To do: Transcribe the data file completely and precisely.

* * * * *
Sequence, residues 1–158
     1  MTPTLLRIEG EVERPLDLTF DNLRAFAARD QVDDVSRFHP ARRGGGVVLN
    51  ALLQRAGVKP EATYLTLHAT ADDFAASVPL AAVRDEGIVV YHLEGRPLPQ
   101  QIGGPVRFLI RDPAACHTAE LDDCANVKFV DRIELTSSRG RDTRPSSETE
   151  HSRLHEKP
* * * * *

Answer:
Sequence, residues 1–158
     1  MTPTLLRIEG EVERPLDLTF DNLRAFAARD QVDDVSRFHP ARRGGGVVLN
    51  ALLQRAGVKP EATYLTLHAT ADDFAASVPL AAVRDEGIVV YHLEGRPLPQ
   101  QIGGPVRFLI RDPAACHTAE LDDCANVKFV DRIELTSSRG RDTRPSSETE
   151  HSRLHEKP